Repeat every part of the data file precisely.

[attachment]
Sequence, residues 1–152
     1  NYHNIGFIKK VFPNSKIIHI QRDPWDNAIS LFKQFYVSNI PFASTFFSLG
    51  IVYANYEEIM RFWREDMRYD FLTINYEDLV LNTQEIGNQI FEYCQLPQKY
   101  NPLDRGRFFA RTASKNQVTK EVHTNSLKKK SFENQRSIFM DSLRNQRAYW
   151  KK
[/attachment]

Sequence, residues 1–152
     1  NYHNIGFIKK VFPNSKIIHI QRDPWDNAIS LFKQFYVSNI PFASTFFSLG
    51  IVYANYEEIM RFWREDMRYD FLTINYEDLV LNTQEIGNQI FEYCQLPQKY
   101  NPLDRGRFFA RTASKNQVTK EVHTNSLKKK SFENQRSIFM DSLRNQRAYW
   151  KK